5
As discussed in later chapters, placing value on data, reputation, and brand creates incentive for
privacy preservation and assigns appropriate weight and value on technology that would escalate or
diminish that value.
6
Samuel Warren and Louis Brandeis, “The Right To Privacy,” Harvard Law Review, 4, no. 193
(1890). www.english.illinois.edu/-people-/faculty/debaron/582/582%20readings/
right%20to%20privacy.pdf
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SACRED REFERENCES TO PRIVACY
By Jay Cline, President of privacy consulting firm MPC
The inventions of the camera, database, and Internet browser gave rise to modern
Western ideas about privacy. But the seeds of privacy were planted in world cultures
and religions long before these technological innovations.
Perhaps the first privacy-enhancing technology was the fig leaves of Adam and
Eve, the first couple of the Jewish, Christian, and Islamic faiths. In Genesis 3:7, the
pair implemented a bodily privacy control: “Then the eyes of both were opened,
and they knew that they were naked. And they sewed fig leaves together and made
themselves apron.”
In Genesis 9:23, after several generations had passed, the value of bodily privacy
had become a broader social objective people helped one another accomplish.
This was apparent when Noah’s sons discovered him drunk and unclothed in his
tent: “Then Shem and Japheth took a garment, laid it on both their shoulders, and
walked backward and covered the nakedness of their father. Their faces were turned
backward, and they did not see their father’s nakedness.”7
This respect for bodily privacy expanded within Jewish culture to encompass all
private activity, even in the public space. You could harm someone if you viewed their
private affairs without their awareness. According to Rabbi David Golinkin, author of
The Right to Privacy in Judaism,8 the Talmud contains two teachings on this topic:
The Mishnah in Bava Batra 3:7 states: “In a common courtyard,
a person should not open a door opposite a door and a window
opposite a window.”
The Rema adds in the Shulhan Arukh (Hoshen Mishpat 154:7)
that it is forbidden to stand at your window and look into your
neighbor’s courtyard, “lest he harm him by looking.”
The Book of Proverbs, a collection of wisdom of right living prevalent in the ancient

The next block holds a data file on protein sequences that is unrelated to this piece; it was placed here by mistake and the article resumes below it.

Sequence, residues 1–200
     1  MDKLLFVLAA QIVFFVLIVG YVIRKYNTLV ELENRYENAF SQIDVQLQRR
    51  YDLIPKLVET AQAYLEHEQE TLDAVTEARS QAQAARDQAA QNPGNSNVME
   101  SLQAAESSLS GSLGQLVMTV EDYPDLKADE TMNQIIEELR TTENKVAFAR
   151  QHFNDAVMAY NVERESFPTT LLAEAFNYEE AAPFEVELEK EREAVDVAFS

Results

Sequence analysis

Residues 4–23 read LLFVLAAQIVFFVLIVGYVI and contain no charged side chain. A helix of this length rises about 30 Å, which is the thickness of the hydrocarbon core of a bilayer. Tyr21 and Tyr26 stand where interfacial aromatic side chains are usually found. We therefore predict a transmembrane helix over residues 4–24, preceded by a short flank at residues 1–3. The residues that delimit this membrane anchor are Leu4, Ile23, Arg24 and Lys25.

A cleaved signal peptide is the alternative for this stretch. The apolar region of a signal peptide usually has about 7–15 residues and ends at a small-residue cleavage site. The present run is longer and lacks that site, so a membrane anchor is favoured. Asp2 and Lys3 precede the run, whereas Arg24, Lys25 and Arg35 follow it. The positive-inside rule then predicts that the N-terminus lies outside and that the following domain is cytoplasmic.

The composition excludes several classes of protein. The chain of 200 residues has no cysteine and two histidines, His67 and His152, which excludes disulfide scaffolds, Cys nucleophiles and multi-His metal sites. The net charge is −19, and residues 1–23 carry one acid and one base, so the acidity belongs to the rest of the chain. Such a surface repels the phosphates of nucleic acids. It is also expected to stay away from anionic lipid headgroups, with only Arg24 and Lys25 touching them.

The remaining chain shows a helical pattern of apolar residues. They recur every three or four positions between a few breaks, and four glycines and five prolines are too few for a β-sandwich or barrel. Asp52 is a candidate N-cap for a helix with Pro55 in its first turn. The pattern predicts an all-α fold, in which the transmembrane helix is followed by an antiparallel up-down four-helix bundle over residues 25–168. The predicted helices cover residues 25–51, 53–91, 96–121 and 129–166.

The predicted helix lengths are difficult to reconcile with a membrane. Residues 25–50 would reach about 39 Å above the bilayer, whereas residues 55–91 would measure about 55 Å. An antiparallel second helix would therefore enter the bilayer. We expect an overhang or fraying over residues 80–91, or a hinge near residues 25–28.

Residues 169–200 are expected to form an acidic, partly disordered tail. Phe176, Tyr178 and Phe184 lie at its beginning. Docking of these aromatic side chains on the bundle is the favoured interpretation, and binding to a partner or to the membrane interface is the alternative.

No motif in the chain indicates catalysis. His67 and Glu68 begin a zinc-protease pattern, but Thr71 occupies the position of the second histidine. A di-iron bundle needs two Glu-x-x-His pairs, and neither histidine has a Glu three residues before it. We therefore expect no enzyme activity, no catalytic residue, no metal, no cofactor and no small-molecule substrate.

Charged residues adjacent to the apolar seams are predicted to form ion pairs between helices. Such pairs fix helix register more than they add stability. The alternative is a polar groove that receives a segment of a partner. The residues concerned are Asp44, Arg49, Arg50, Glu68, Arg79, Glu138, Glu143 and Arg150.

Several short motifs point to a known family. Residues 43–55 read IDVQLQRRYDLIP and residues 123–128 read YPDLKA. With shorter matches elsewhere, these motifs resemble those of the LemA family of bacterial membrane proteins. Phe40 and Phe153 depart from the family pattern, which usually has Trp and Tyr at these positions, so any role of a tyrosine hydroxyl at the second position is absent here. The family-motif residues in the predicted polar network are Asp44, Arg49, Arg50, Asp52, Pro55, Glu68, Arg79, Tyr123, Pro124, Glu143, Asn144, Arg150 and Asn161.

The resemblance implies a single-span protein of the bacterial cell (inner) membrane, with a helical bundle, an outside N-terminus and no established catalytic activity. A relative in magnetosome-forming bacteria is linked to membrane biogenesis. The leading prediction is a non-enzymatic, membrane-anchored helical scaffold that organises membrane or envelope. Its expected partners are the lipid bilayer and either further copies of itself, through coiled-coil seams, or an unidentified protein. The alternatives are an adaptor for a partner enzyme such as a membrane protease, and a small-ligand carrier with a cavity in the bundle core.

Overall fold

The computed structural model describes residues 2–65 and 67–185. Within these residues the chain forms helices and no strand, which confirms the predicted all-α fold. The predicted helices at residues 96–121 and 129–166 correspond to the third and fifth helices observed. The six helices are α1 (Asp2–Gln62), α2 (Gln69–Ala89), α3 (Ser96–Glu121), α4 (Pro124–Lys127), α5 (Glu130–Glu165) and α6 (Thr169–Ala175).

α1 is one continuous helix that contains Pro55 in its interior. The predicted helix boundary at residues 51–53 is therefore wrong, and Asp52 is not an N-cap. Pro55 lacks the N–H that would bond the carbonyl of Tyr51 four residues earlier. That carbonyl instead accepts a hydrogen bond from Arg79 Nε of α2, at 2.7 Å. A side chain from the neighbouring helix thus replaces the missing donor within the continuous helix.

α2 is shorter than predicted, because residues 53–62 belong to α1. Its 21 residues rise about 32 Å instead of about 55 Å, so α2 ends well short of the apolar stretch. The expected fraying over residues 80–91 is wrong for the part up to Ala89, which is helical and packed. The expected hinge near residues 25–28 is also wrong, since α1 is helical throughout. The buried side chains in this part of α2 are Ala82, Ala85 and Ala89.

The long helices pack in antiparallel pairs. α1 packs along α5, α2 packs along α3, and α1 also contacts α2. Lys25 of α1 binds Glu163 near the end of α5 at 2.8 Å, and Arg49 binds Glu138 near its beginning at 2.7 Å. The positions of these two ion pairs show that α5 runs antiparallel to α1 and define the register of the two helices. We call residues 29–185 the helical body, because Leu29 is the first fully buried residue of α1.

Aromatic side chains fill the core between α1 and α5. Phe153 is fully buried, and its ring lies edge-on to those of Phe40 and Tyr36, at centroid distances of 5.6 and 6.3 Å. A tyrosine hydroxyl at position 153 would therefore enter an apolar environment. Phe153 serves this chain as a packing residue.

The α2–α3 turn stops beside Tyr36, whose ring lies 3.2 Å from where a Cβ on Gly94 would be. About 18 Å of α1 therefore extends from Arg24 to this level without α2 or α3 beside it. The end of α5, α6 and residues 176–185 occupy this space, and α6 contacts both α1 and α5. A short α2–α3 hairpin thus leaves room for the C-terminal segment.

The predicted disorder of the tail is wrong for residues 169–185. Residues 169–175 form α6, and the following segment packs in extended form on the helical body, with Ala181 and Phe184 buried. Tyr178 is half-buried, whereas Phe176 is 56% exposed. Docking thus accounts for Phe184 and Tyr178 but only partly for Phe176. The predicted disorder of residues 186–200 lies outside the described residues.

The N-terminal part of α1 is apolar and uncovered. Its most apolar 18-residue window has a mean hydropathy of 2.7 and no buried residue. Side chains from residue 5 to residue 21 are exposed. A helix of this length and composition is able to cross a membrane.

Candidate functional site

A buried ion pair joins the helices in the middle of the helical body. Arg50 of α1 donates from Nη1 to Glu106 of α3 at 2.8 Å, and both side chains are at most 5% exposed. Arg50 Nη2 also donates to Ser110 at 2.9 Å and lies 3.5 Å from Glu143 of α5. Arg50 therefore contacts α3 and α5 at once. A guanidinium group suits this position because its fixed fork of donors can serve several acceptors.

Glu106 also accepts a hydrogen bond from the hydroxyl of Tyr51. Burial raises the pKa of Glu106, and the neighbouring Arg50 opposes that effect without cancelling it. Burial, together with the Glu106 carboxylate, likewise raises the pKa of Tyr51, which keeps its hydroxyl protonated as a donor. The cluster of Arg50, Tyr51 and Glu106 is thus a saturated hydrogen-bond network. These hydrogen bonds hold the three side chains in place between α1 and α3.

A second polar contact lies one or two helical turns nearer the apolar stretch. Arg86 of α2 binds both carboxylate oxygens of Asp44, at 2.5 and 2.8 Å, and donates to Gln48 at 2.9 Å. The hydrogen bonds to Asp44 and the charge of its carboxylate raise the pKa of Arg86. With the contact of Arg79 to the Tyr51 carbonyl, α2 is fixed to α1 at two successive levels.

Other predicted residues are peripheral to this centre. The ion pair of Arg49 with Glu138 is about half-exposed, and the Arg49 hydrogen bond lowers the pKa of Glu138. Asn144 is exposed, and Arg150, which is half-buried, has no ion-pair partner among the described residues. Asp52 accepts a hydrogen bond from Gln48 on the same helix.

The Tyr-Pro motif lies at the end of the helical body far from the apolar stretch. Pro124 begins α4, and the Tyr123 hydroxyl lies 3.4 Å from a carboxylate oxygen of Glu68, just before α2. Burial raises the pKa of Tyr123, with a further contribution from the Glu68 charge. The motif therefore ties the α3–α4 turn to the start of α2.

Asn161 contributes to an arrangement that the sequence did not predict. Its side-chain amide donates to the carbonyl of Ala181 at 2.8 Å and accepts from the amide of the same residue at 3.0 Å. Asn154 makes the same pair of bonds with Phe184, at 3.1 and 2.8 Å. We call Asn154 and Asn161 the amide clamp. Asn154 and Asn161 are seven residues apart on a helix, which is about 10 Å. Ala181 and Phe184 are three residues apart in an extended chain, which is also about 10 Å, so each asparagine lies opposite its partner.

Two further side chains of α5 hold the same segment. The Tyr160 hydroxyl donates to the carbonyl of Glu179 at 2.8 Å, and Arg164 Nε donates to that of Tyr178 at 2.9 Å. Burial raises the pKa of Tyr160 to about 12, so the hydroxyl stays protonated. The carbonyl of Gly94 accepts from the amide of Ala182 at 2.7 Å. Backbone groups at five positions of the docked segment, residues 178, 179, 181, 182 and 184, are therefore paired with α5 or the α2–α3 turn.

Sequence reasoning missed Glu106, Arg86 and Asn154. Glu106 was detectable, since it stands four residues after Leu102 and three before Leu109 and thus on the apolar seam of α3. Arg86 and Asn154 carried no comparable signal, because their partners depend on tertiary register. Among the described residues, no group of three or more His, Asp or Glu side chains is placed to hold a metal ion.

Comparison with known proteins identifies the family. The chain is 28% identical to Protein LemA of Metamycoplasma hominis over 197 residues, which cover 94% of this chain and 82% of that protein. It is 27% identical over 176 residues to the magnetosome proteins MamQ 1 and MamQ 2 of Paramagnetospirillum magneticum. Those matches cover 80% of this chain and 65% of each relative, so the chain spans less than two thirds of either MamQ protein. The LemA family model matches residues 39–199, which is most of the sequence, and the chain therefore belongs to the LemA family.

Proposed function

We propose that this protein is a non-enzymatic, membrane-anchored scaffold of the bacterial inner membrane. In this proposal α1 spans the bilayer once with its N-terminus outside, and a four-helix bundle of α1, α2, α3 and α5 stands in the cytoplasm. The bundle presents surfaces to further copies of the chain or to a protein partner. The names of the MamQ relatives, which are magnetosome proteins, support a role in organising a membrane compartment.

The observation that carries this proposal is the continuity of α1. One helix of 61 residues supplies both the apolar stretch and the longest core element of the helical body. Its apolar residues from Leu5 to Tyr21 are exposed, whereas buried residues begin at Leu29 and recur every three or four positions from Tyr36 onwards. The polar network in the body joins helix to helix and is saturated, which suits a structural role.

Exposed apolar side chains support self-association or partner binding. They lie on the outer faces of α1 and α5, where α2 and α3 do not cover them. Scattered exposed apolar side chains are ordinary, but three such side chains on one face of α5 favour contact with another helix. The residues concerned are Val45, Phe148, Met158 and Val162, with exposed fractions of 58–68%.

Jewish culture, contains three verses praising the value of confidentiality:
“Whoever goes about slandering reveals secrets, but he who is
trustworthy in spirit keeps a thing covered.” (11:13)
“Whoever covers an offense seeks love, but he who repeats a
matter separates close friends.” (17:9)

7

www.biblehub.com/genesis/9-23.htm
“The Right to Privacy in Judaism,” David Golinkin, Schechter Institute of Jewish Studies,
http://www.myjewishlearning.com/practices/Ethics/Business_Ethics/Contemporary_
Issues/Privacy/A_Responsum.shtml.

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CHAPTER 1 ■ Technology Evolution, People, and Privacy

“Argue your case with your neighbor himself, and do not reveal
another’s secret.” (25:9)
The Christian scriptures didn’t highlight the concept of privacy. But Mohammed,
living 600 years after the time of Jesus, continued the Jewish respect for private
affairs. Abdul Raman Saad, author of “Information Privacy and Data Protection:
A Proposed Model for the Kingdom of Saudi Arabia,” identified the following privacyfriendly verses in the Quran:
“O ye who believe! enter not houses other than your own, until
ye have asked permission and saluted those in them: that is best
for you, in order that ye may heed (what is seemly). If ye find no
one in the house, enter not until permission is given to you: if ye
are asked to go back, go back: that makes for greater purity for
yourselves: and God knows well all that ye do.” (An-Nur: 27–28)
(24:27–28)9
“O ye who believe! Avoid suspicion as much (as possible): for
suspicion in some cases is a sin: And spy not on each other
behind their backs. Would any of you like to eat the flesh of his
dead brother? Nay, ye would abhor it. . . . But fear God: For God is
Oft-Returning, Most Merciful.” (Al-Hujurat: 12) (49:12)10
As Christianity matured, its high regard for confidentiality—as an expression of
obeying the biblical commandment to not bear false witness against a neighbor—
became more evident. Chapter 2477 of the Catechism of the Catholic Church11
states:
“Respect for the reputation of persons forbids every attitude and
word likely to cause them unjust injury. He becomes guilty:
—of rash judgment who, even tacitly, assumes as true, without
sufficient foundation, the moral fault of a neighbor;
—of detraction who, without objectively valid reason, discloses
another’s faults and failings to persons who did not know them;
—of calumny who, by remarks contrary to the truth, harms the
reputation of others and gives occasion for false judgments
concerning them.”

Information Privacy and Data Protection A Proposed Model for the Kingdom Of Saudi Arabia,
Abdul Raman Saad, Abdul Raman Saad & Associates, Malaysia, 1981, page 3.
10
“Information Privacy and Data Protection A Proposed Model for the Kingdom Of Saudi Arabia,”
Abdul Raman Saad, Abdul Raman Saad & Associates, Malaysia, 1981, page 29.
11
Catechism of the Catholic Church, Libreria Editrice Vaticana, Citta del Vaticano,
http://www.vatican.va/archive/ENG0015/_INDEX.HTM, 1993.
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CHAPTER 1 ■ Technology Evolution, People, and Privacy

It could well be that it was these ancient cultural foundations, and not primarily the